A braisa is cited that Rabbi Yehudah agrees to the Chachamim in instances where one cannot overturn the bed and sleep on the floor. The Chachamim agree to Rabbi Yehudah in cases where one is capable, he must overturn the bed and sleep on the floor.

 

The Gemora explains the point of contention: Rabbi Yehudah maintains that all the beds in the house must be overturned and the Chachamim hold that only the beds which are being used for sleeping must be overturned.

 

Rava concludes that the halachah is in accordance with the Tanna of our Mishna who maintains that according to the Chachamim, one is not obligated to overturn the beds at all. (30b)

 

INSIGHTS TO THE DAF

 

EXCEPTIONS REGARDING THE PROHIBITION AGAINST LEARNING ON TISHA B’AV

We learned in a braisa: All ordinances applicable to a mourner are effective for everyone on Tisha B’Av. One must not eat, drink, anoint himself, wear leather shoes, or engage in marital relations. One is not permitted to read from the Torah, Prophets or the Writings. The Mishna, Gemora, Medrash, Halachos and Aggados may not be discussed. One may read from Scriptures or study from the Talmud in a place that he is not familiar with. He is allowed to read from Lamentations, Iyuv and from the unpleasant verses in Yirmiyah. Schoolchildren must not learn on that day because it is written: “The precepts of Hashem are upright, rejoicing the heart.” Rabbi Yehuda disagrees and maintains that one may not even read nor study anything that he is not familiar with.

It is said in the name of the Maharsham that if a person thought of a novel idea in Torah on Tisha B’Av, he is permitted to write it down in an abbreviated manner in order that he does not forget it by the time nightfall arrives.

 

Aruch HaShulchan (554:5) rules that one is permitted to rule on a Torah related issue that is necessary for that day and he is allowed to settle a dispute after midday, where the litigants are advocating for an immediate resolution.

 

Maharil Diskin writes that even though the Rav is permitted to issue a ruling on Tisha B’Av, he is forbidden to accept payment.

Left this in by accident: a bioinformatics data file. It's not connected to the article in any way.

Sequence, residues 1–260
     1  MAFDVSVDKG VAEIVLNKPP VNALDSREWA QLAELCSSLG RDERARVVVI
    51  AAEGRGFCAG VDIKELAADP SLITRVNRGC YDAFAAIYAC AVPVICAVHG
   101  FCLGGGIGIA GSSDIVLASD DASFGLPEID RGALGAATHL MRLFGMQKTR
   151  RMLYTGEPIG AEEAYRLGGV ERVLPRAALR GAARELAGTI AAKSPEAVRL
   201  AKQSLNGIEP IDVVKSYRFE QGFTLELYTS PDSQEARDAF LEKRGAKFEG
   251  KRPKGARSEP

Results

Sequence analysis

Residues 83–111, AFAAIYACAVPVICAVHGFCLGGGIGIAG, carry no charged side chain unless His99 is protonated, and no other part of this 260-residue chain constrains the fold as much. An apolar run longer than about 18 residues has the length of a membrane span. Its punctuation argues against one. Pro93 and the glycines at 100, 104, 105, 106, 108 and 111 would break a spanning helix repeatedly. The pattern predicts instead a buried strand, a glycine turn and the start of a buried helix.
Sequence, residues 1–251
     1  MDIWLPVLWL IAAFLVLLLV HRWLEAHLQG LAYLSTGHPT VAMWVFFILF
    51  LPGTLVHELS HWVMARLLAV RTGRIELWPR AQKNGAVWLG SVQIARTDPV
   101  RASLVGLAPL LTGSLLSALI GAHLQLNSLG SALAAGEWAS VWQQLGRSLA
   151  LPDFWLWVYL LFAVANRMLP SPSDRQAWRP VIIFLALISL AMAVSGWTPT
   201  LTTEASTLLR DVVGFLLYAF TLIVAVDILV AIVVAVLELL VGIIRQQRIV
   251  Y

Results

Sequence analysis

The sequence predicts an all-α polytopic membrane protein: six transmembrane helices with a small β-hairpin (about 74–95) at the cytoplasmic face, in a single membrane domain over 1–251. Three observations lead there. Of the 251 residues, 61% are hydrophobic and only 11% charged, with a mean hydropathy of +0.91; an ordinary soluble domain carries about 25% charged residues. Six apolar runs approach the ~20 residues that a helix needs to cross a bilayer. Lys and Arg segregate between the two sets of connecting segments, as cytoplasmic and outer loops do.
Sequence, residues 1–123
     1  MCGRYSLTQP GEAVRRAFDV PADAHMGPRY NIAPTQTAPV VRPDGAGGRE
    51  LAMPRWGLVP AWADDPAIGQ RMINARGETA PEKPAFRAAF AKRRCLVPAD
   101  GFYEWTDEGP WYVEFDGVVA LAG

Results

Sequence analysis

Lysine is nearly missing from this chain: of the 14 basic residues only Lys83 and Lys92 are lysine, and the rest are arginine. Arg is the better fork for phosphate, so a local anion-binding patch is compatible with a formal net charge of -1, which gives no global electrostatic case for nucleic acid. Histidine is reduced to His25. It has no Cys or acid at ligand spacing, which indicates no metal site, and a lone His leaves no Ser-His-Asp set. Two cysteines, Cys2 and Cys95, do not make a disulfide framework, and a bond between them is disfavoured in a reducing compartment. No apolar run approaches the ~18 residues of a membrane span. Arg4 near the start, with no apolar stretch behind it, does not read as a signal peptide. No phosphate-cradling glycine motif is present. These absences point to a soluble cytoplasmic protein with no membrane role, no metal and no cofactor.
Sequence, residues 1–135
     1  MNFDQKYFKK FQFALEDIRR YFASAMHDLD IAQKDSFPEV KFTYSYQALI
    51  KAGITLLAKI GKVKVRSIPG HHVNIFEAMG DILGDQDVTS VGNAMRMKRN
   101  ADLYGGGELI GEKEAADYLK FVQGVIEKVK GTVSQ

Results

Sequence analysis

The Maharsham writes that he compelled himself to conclude a response regarding a heter agunah on Tisha B’Av since the Bach writes: “Kol hamatir agunah achas ke’ilu banah achas mi’churvos Yerushalayim” – Whoever releases one agunah, it is regarded as if he built one of the ruins of Yerushalayim. (Sheorim Mitzuyanim B’halacha)

 

DAILY MASHAL

 

TWO TIMES FOR THE RESURRECTION

The Gemora stated: Kol hamisavel al Yerushalyim zocheh vroeh bsimchasa – Anyone who mourns for Jerusalem will merit witnessing her joy.
The Ritva states that there are actually two periods of resurrection. One period is at the end of the era of our world, after the arrival of the Messiah, but an earlier one is at the time of building the Beis Hamikdosh. At that time, all those who died in exile will be woken up to take part in the rebuilding of the Beis Hamikdosh. Those who did not drop a tear will not be woken. There still exists a possibility that they may be woken at the end of time.

 

Mourning for Yerushalayim

Chazal teach us that “All those who mourn for Yerushalayim merit and witness her joy, and all those who do not mourn for Yerushalayim will not merit to witness her joy.”

 

The first part of this Chazal can be understood fairly easily: in the merit of mourning the destruction of the Beis Hamikdash, one will merit to witness the joy of her rebuilding. But the second part calls for an explanation. It would seem to suggest that even if someone performs all the mitzvos to perfection and serves Hashem with every fiber of his being, if he somehow neglects to properly mourn for Yerushalayim he will not merit to see her joy.